As colleges and universities plan to begin in-person classes once again, pharmacy students face several new challenges adjusting to this return from the socially distanced learning they have participated in for the past year.
In the latest installment of the Pharmacy Times® Student CaféTM interview series, students from The University of Texas (UT) at Austin College of Pharmacy reflected on the impact of quarantine on their mental health and well-being and said they are optimistic for the future of the pharmacist’s role in health care following the COVID-19 pandemic.
For students living in Texas during the pandemic, there were additional challenges in the form of the deep freeze experienced throughout the state in February 2021. Kailee Marikar, a PharmD candidate at UT Austin, said balancing her family’s needs in those conditions was no easy feat.
“I have a 3-year-old daughter, and this year was challenging to say the least,” Marikar said. “I was battling the pandemic and the deep freeze, and we lost water at our home for 7 days. We had the power going in and out. There were times when I felt really stressed trying to take care of my family [and] keep up with my coursework.”
In spite of these challenges, Marikar was able to balance her home life and work life, taking on the adversity of the past year 1 day at a time.
“My strategy was to take it day by day,” Marikar said. “I tried to set a routine and set hours from 8:00 to 5:30. When 5:30 hit, I would try to put my laptop away. We did start some new routines; we’d go for a walk after dinner or try to plan a new hike on the weekend to help me unwind. I think that helped a lot, because this year it was really easy to get overwhelmed.”
Managing mental health was a consistent struggle for many pharmacy students. With an entirely new work-life balance arrangement to adjust to and a quarantine to adhere to, the participating students noted that learning how to cope was a unique challenge for them.
“It was definitely very on and off for me,” said Sadaf Helforoosh, PharmD candidate at UT Austin. “I would get into these moods where I was like ‘everything is self-care,’ then I would go on the opposite end, and I wouldn’t even take 5 minutes for myself over a few weeks.”
Helforoosh was able to learn how to balance her time as the pandemic continued, despite the lack of physical separation between her home life and work life. She said she remains optimistic about her ability to maintain a solid work-life balance even as classes return to an in-person environment.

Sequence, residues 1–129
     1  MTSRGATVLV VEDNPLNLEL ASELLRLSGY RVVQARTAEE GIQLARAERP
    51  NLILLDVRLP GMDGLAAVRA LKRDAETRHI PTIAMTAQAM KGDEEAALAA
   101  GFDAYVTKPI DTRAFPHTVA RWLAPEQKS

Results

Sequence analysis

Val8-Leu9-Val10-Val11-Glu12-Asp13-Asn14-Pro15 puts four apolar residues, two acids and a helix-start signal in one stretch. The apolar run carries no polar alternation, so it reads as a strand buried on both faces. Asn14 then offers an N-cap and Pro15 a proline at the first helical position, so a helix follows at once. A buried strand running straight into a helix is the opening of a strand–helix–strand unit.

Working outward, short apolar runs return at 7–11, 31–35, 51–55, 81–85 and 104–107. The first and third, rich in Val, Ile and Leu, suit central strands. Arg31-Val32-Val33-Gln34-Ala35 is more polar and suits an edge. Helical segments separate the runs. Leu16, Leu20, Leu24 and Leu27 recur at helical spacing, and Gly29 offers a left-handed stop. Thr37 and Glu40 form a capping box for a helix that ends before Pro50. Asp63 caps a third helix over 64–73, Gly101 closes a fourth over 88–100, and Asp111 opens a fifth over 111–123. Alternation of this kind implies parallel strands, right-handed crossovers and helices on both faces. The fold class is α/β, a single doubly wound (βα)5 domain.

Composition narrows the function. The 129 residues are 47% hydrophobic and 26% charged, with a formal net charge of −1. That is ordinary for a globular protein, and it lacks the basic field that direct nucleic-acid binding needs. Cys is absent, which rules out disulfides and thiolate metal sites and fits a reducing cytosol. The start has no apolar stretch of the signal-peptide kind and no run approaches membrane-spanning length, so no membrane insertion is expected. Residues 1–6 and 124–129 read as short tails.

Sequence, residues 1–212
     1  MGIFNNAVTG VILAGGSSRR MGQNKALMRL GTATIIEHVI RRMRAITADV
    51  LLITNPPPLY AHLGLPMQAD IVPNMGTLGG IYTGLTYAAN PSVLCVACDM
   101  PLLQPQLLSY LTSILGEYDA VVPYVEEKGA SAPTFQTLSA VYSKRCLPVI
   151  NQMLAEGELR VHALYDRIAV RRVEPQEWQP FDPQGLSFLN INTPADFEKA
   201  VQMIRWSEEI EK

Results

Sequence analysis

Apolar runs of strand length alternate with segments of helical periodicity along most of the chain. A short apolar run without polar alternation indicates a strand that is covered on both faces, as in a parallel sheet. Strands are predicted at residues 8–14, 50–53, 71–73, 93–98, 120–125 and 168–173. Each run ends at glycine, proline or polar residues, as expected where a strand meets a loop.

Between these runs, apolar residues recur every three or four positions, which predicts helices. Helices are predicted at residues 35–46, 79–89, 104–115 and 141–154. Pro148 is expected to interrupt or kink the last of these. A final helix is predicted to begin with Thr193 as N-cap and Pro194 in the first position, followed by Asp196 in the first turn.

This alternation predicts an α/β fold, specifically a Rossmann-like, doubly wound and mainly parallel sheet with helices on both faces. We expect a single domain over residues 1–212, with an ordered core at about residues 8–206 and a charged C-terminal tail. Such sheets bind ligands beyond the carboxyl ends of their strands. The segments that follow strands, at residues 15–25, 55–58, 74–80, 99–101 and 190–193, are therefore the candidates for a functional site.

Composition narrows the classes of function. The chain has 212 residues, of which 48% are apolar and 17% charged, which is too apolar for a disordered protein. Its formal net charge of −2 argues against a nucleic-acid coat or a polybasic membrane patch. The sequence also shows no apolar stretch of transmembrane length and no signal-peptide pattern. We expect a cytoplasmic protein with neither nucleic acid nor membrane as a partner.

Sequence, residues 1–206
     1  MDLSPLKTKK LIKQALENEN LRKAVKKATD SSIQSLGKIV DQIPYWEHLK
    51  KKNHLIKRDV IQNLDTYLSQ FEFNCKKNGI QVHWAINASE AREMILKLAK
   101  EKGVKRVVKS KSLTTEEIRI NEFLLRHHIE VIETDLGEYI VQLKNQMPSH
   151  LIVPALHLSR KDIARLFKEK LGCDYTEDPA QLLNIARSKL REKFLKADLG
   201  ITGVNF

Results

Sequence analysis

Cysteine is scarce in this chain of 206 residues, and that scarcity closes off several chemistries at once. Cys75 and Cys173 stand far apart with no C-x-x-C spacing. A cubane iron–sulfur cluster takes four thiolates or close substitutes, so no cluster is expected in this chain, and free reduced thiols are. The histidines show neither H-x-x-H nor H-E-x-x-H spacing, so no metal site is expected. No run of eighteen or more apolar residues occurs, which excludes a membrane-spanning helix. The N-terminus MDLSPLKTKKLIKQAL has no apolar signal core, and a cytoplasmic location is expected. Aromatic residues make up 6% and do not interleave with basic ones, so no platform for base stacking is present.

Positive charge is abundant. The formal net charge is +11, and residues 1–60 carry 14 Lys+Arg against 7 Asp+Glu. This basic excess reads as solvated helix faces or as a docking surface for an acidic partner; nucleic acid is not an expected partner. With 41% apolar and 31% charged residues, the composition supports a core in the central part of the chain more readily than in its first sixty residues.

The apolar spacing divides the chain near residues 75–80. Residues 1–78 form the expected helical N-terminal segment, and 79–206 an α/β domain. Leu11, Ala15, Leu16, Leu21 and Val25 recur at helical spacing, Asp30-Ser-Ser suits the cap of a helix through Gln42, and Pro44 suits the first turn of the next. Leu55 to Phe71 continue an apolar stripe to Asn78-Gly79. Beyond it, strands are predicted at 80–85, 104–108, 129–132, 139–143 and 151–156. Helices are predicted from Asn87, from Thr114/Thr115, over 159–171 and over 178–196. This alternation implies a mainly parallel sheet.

The pandemic also afforded students the opportunity to be directly involved in COVID-19 management efforts, either in the form of rapid testing sites on campus or vaccine preparation. Hannah McCullough, a PharmD candidate at UT Austin, felt she was able to make a difference during the pandemic by working at a rapid preventive testing site.
“It was just people who were on campus doing their part and making sure they weren’t accidentally, asymptomatically spreading COVID-19,” McCullough said. “It was really cool to be a part of that and work with people who were trying to do their part, being really safe and proactive.”
Agaustin Wong, PharmD candidate at UT Austin, had the opportunity to volunteer with other pharmacy students in preparing vaccine doses.
“It makes [us] feel like we’re really helping people, making a change or making a difference despite the pandemic,” Wong said. “This pandemic takes a toll on everyone, and having that sense of protection from the vaccine can give everyone hope that we’re moving forward from this.”
Looking to the future, the students expressed hope that the visibility given to pharmacists by the pandemic will help the public acknowledge the many skills pharmacists have at their disposal, as well as their position as the most accessible health care provider. Cara Rutledge, PharmD candidate at UT Austin, shared her hope that COVID-19 taught the public how critical community pharmacists can be during public health crises.
“I hope pharmacists don’t stop here,” Rutledge said. “COVID-19 was a great test for pharmacists to show what we know and how we can contribute on the team. We don’t just count pills, obviously, and we’re not just a vaccinator. I think the roles will only get bigger and better.”
Helforoosh expressed a similar sentiment, highlighting how pharmacy technicians were given responsibilities during the pandemic after years of advocating for them. She said that technicians were able to prove themselves effective in these roles, and that the best way to move forward is to leverage that success into a push for even greater responsibility.
“I hope people see how much more pharmacy can actually be,” Helforoosh said. “I hope they take what we’ve done, run with it, and grow our field with that, because that’s the only way we’re going to advance our field.”
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